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BMW’s genius move is from Apple’s playbook

To help stay on top as global No. 1 maker of luxury automobiles, Germany’s BMW is redesigning the way its dealerships operate, a process that will include more “genius” product specialists and fewer sales personnel.

The concept, popularized by Apple (AAPL) with in-store specialists who explain the company’s laptops and other products, is a softer and more relaxed approach. Shoppers can pose questions to a trained expert without the pressure of price negotiation; once they’re ready to buy, a sales person takes over.

Lexus, which has ambitions to catch BMW one day, is thinking in the same direction. Greg Penske of Penske Motor Group has been employing “Lexperts” at Longo Lexus in El Monte, Calif., and Lexus of Stevens Creek in San Jose, Calif., for about three years.

“Even though it’s derived from the Apple Genius concept, we have been able to recruit college students who can learn about the business, see the career paths they can take—it’s a very similar income as an Apple Genius starting out—and drive cool cars,” Penske said. “You are seeing all manufacturers looking at doing this because as technology is getting more intuitive, we want to make sure customers get the best guest experience.”

It’s not exactly a secret that conventional automotive retailing, in which customers visit showrooms clutching the Sunday newspaper and either are ignored or fast-talked by high-pressure sales people is vanishing quickly. Most successful retail operations are employing new tactics. The Internet is playing a bigger and bigger role in automotive retailing. Shoppers spend hours doing research and often are extremely knowledgeable about the vehicle and the price at which it should sell.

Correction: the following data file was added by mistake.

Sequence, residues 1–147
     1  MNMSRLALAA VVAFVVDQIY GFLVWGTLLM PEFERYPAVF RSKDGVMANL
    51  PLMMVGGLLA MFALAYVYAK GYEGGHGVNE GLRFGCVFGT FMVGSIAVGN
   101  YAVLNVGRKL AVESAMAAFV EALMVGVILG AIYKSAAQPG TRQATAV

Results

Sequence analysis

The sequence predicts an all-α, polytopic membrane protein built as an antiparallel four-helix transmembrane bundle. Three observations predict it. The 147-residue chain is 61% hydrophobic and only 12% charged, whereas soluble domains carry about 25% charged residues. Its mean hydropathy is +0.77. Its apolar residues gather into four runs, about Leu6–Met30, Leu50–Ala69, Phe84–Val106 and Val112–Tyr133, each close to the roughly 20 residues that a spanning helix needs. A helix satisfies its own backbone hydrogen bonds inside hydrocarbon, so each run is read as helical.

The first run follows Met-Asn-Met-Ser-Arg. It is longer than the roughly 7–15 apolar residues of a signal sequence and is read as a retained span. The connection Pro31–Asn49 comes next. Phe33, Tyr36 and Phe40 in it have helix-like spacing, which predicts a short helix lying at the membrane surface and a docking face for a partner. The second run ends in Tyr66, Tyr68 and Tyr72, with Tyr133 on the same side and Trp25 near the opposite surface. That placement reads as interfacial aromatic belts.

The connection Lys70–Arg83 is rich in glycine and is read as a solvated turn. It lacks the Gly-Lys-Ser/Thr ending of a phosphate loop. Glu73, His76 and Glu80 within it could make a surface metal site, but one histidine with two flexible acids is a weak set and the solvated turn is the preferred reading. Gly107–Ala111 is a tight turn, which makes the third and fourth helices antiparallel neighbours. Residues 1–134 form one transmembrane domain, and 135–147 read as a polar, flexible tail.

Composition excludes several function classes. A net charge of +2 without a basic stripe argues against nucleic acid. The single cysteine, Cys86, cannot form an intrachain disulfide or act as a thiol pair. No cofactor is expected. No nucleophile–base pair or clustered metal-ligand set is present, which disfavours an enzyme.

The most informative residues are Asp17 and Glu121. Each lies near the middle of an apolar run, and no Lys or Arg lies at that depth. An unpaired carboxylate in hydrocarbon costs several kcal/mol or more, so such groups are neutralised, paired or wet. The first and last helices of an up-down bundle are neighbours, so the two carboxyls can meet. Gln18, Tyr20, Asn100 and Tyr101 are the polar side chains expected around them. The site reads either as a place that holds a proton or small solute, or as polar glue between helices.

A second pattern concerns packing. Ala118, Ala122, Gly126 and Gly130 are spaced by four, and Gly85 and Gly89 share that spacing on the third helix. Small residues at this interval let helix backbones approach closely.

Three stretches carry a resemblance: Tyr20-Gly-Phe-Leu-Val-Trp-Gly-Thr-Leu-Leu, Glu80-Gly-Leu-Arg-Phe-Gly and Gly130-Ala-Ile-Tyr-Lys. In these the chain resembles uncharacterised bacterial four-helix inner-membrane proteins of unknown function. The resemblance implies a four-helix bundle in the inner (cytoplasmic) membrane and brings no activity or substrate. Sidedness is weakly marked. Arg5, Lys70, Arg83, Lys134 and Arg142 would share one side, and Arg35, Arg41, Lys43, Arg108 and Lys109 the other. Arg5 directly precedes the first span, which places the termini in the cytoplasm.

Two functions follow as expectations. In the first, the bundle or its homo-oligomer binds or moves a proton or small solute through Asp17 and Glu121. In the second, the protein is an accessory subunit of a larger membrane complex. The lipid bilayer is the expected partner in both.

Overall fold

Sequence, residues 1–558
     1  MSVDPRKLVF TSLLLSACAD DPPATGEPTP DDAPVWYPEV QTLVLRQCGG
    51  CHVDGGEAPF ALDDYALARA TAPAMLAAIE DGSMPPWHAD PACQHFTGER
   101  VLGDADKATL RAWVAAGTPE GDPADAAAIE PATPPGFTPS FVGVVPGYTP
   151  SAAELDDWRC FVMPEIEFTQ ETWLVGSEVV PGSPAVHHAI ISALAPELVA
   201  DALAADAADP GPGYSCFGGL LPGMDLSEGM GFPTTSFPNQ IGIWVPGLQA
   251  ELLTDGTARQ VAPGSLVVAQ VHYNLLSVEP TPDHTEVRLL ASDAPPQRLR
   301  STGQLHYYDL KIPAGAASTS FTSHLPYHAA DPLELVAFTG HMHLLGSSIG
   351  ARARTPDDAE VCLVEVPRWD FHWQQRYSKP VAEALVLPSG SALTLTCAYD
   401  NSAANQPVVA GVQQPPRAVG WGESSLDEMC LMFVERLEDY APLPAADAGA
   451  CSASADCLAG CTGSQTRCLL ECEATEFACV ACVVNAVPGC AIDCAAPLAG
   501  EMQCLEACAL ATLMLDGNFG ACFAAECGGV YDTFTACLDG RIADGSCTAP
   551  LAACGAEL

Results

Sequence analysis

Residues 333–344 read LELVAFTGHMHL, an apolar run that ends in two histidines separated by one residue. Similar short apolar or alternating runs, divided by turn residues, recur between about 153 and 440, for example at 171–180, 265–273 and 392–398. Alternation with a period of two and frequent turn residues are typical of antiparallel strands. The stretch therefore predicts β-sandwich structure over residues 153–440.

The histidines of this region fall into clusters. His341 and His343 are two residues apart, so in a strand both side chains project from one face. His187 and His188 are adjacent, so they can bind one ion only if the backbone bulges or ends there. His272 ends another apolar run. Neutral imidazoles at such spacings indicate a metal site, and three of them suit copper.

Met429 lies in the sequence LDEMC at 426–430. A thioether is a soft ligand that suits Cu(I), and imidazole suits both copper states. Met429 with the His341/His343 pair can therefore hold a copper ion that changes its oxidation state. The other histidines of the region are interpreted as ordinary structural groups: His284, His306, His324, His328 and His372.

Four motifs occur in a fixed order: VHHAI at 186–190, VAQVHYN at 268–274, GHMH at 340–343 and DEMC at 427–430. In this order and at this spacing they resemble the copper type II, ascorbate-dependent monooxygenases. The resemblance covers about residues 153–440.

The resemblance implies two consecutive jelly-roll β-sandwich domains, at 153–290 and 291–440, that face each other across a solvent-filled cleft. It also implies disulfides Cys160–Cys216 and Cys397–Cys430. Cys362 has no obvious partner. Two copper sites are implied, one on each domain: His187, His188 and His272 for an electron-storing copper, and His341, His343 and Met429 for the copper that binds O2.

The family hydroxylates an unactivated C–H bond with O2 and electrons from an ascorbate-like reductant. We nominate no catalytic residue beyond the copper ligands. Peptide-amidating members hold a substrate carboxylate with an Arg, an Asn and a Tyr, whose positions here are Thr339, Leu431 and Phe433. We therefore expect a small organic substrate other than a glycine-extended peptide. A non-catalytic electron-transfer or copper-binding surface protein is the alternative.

Dealers in the U.S. are privately-owned franchises. Experts and geniuses, therefore, are employed by the dealers, though often trained by the automaker.

BMW said it’s closing in on a goal of having 500 geniuses employed at 339 U.S. dealerships by the end of the year. The idea was rolled out at BMW dealerships in Europe a year earlier. Some of the larger dealerships employ as many as ten; and a quarter of the personnel are women, BMW said.

Ian Robertson, BMW board member for marketing, said, “the automaker is changing the entire retail experience, and the geniuses are the front line to make it more informative and friendly for our customers.” More than 1,500 are working in dealerships in 43 countries, including one in Tibet.

Following a meeting of geniuses in Munich this month, Robertson said, “they’re excited, they like the new role, and they especially like seeing how much customers enjoy an atmosphere of information and no sales pressure.”

The next chapter in the future of automotive retailing already in unfolding, allowing customers for some car brands to examine the inventories of vehicles at specific dealerships, place an order and arrange financing – without a visit. AutoNation, the biggest publicly-owned chain of dealerships in the U.S., said it would unveil in December an online system that will allow buyers to select and reserve vehicles from dealer inventory.

BMW, perhaps anticipating the future, is making its geniuses available online as well.